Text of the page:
On the rails, Amtrak was also being proactive - moving diesel trains into place just in case the storm disrupts power to electric locomotives.

Crews are keeping close watch on ice buildup on the overhead power lines, as well as on the switches that move trains from one track to another.

On the highways, law enforcement authorities were urging travelers in the hardest-hit areas not to travel - a tall order on the last shopping weekend before Christmas.


Stocking Up

In southern West Virginia, Ron Hart's hardware store was swamped as customers bought heaters and other emergency supplies, just a week after a wind storm knocked out electricity and spawned an earlier emergency shopping surge.

"People are having to spend money on bare essentials versus Christmas," Hart said. "Our Christmas sales are considerably down because of what people are having to buy."

Forecasters said it could be the most snow in the nation's capital since a February 2003 storm dumped nearly 27 inches at Baltimore-Washington International Airport.

Officials at Dulles International and Reagan National airports warned travelers to check on the status of their flights before heading to the airports. Some Saturday flights along the East coast were canceled ahead of the weather.

Snow, ice and freezing rain socked western North Carolina on Friday, knocking out power to almost 60,000 customers around the Asheville area.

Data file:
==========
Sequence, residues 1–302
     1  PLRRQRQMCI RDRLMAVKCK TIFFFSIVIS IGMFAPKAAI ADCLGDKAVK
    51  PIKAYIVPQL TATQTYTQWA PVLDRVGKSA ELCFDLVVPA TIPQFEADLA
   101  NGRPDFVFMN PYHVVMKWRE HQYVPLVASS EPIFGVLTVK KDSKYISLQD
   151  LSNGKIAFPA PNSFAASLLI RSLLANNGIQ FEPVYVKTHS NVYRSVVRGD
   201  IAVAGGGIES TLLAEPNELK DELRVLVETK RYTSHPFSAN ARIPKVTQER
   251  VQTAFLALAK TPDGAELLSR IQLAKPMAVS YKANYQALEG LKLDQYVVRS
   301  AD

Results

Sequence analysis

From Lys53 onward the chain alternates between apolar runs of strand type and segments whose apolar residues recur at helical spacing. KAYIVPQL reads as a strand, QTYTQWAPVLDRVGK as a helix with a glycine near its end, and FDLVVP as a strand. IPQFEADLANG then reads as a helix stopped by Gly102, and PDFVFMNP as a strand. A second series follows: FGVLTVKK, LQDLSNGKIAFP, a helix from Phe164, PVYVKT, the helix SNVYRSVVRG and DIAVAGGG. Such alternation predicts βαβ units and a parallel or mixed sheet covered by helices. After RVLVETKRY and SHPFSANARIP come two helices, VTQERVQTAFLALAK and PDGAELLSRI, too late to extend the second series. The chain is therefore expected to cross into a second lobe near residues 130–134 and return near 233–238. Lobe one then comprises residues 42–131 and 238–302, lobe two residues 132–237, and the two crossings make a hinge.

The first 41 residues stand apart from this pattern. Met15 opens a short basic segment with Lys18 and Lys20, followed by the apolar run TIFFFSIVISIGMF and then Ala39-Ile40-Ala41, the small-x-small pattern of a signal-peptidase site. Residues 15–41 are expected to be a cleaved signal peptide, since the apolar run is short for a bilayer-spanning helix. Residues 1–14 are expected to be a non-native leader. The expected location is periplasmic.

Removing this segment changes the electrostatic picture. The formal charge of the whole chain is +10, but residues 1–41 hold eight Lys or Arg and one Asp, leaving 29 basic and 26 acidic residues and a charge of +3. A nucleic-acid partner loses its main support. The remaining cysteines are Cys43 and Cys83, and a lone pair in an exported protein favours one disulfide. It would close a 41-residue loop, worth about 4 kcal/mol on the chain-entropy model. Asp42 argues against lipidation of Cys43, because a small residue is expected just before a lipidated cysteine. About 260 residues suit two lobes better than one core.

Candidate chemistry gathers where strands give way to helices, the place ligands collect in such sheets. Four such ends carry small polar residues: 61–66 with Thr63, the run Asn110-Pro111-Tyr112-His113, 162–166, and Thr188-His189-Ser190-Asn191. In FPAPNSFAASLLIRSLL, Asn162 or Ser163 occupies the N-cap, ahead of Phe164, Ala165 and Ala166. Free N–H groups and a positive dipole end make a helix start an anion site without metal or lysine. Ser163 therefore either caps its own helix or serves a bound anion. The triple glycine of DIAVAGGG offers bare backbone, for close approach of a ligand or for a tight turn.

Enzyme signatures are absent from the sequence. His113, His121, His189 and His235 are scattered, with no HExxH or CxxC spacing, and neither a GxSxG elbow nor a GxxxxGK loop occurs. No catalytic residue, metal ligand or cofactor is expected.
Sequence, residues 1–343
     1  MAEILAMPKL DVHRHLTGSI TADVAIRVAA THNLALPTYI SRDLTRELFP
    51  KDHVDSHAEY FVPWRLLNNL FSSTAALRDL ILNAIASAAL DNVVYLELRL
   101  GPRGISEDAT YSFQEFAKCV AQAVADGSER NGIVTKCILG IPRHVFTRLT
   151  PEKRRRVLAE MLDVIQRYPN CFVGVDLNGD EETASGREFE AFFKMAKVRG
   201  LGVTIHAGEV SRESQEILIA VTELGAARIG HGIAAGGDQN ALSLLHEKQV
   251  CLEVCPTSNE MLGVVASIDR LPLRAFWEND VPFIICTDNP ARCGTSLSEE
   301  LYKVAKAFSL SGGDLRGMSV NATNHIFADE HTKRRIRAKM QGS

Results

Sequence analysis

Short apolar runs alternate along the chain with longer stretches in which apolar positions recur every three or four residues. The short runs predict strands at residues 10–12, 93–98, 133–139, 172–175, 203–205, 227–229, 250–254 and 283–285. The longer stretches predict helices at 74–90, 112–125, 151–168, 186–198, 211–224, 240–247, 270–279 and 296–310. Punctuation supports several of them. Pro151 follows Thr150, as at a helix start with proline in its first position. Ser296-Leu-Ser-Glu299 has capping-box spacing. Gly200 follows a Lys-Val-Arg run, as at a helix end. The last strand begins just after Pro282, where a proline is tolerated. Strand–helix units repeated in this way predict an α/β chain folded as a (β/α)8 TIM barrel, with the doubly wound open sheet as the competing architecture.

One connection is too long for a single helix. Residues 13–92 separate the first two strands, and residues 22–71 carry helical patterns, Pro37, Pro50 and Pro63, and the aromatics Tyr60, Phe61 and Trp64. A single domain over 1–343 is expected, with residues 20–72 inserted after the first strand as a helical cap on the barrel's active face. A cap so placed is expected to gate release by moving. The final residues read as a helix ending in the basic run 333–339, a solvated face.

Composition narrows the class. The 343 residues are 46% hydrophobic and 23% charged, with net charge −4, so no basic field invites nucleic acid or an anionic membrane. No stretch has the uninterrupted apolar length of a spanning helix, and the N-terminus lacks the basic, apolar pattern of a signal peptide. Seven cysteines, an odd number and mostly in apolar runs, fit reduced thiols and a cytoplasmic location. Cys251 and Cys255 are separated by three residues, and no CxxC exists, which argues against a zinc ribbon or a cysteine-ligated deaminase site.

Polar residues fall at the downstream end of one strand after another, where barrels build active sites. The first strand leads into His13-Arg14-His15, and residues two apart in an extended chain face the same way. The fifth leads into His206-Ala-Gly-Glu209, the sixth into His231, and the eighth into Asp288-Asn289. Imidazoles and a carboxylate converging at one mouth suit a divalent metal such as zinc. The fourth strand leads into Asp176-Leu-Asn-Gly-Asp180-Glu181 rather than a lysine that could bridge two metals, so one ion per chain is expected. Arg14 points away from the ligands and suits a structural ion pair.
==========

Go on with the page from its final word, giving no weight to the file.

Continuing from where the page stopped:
Jim Weintraub, owner of Ace Hardware in Asheville, N.C., said he picked up 1,500 pounds of rock salt Friday morning. An hour and a half later, "I'm just about out," he said.

But customers were thinking fun, too.

"I've been told we're the only store around with sleds," Weintraub said. "As I was driving back up to the store, my wife was calling me and saying, 'Where are you? People are waiting for sleds!"'

After a warm start to the ski season that delayed openings of many resorts, the storm arrived just in time for Winterplace Ski Resort's season debut Friday in southern West Virginia.

"It's perfect timing," said Winterplace President Terry Pfeiffer. "With the new snow coming in, there's not going to be much better skiing."

The Coast Guard sent an airplane to fly from North Carolina to New Jersey warning boaters by radio to stay in port if they didn't have an urgent need to be on the water.

Highway crews in Maryland, Delaware and the District of Columbia were spraying brine on heavily traveled roads to help prevent snow and ice from sticking.

Amtrak spokeswoman Karina Romero said the railway was putting extra crews on duty, in part to keep ice from forming on the overhead lines that power electric trains. Extra locomotives equipped with snow plows would also be available.

The storm came from the Gulf and drenched South Florida with rain starting late Thursday, leaving flooded homes and stranded drivers.

Ronin, a boy in Hollywood, Fla., described the scene to CBS News: "The houses have been converted into islands."